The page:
Country guitar chord progressions are generally straightforward. Decoding country songs involves first identifying their melodies before trying to determine the chords that compose its structure.
Understanding chords requires keeping in mind that they typically remain the same from song to song – this makes them especially memorable!
Country music often makes use of three chord song forms as they allow musicians to quickly compose hundreds of songs using just three chords. Country, folk and rock & roll musicians tend to rely heavily on such song forms because it makes creating thousands of songs much simpler.
Country music typically features chord progressions in major keys, often featuring an I-IV-V sequence with an additional bluesy note added for added effect. This style draws influence from genres such as blues and Appalachian folk music that combine different influences.
Harlan Howard once famously quipped, “one chord is fine, two is pushing it, three chords is jazz.” Although this statement may have been exaggerated somewhat, three-chord arrangements in country music can provide the foundation of emotional and characterful songs – as they provide listeners with familiar sounds they feel connected with.
Country music relies on its accessibility, so chord progressions in country songs tend to follow a fairly standard formula. There may be variations, but common progressions include 1-4-5 and an 8 or 16 bar blues progression in the chorus.
Minor chords are an emotive musical chord used to elicit feelings of sadness, melancholy or nostalgia. They are frequently featured in songs dealing with such topics, with especially striking effects when played using a flat finger at the third fret of the sixth string.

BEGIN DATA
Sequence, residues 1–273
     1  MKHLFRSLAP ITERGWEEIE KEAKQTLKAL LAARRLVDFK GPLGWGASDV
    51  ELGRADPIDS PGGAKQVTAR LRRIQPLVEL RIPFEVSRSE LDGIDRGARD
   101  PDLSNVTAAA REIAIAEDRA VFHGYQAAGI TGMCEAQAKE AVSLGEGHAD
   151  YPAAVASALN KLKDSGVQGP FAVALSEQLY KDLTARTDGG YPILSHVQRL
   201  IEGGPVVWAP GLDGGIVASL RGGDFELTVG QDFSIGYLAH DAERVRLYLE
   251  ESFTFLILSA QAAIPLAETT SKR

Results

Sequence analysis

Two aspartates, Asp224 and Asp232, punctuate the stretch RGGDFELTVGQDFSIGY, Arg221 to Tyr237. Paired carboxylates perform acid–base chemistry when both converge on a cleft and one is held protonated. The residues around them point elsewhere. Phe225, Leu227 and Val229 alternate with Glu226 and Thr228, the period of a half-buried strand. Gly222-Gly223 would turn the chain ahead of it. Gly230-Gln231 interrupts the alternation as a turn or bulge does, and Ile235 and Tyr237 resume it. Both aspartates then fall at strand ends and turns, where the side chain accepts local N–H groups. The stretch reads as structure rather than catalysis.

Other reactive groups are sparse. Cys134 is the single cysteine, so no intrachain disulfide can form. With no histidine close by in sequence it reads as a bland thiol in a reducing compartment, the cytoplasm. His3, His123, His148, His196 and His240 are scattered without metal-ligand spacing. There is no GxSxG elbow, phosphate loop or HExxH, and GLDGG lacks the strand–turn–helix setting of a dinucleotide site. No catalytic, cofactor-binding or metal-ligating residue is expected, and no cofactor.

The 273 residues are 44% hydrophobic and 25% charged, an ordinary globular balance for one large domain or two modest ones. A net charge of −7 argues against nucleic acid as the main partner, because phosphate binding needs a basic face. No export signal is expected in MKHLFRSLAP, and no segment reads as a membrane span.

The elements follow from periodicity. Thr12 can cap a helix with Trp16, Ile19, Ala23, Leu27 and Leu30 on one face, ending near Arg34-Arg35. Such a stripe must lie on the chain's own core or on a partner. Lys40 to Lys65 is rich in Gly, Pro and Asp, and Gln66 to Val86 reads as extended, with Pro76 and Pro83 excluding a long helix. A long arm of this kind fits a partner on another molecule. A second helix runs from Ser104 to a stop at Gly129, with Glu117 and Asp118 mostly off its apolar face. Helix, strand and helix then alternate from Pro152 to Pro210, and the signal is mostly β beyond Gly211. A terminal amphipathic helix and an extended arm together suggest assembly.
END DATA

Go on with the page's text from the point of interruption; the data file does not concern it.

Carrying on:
George Strait’s “Amarillo by Morning” offers an ideal example of this style of chord progression for beginners as it employs only one chord progression throughout, using G – D – Em – C chords throughout its verse. Additionally, country blues composer Johnny Cash often employs this form of progression in songs like “Folsom Prison Blues”.
There are many songs that use dominant chords – chords composed of the first, fourth and fifth notes in a major scale – as a major harmonic framework. Country music frequently employs an I-IV-V chord progression; similar chord sequences can also be found in blues and rock music.
Dylan tends to avoid using dominant chords in his blues-influenced songs, though they may serve as genre markers (such as in Rainy Day Women #12&35 from Blonde on Blonde) or to increase harmonic tension (as with Brown Eyed Girl’s opening chord).
This chord progression is simple for beginners to pick up as it contains only three basic chords. This progression serves as the foundation of classic songs such as Johnny Cash’s Folsom Prison Blues. Harlan Howard famously said “All you need for writing songs are three chords and the truth”. This progression perfectly meets that requirement.
Country music utilizes V chords in their minor form; this chord consists of a major root and minor seventh interval (G to F, one whole step below). Learning this technique on guitar allows you to successfully fingerpick and run progressions.
Country chord progressions often follow an I-IV-V progression; however, you may also come across progressions that don’t resolve to an IV. This type of progression works great in country songs as it creates tension while complementing many types of melodies.
Once you have an understanding of these chords, it’s time to use them together in some country songs. Practice each progression until you can play it without looking at a chart or checking your fingers before strumming – remember, simplicity is the key to country songwriting! The simpler your chords and rhythms are, the easier it will be for your melody to stand out and tell its tale of heartbreak or memories.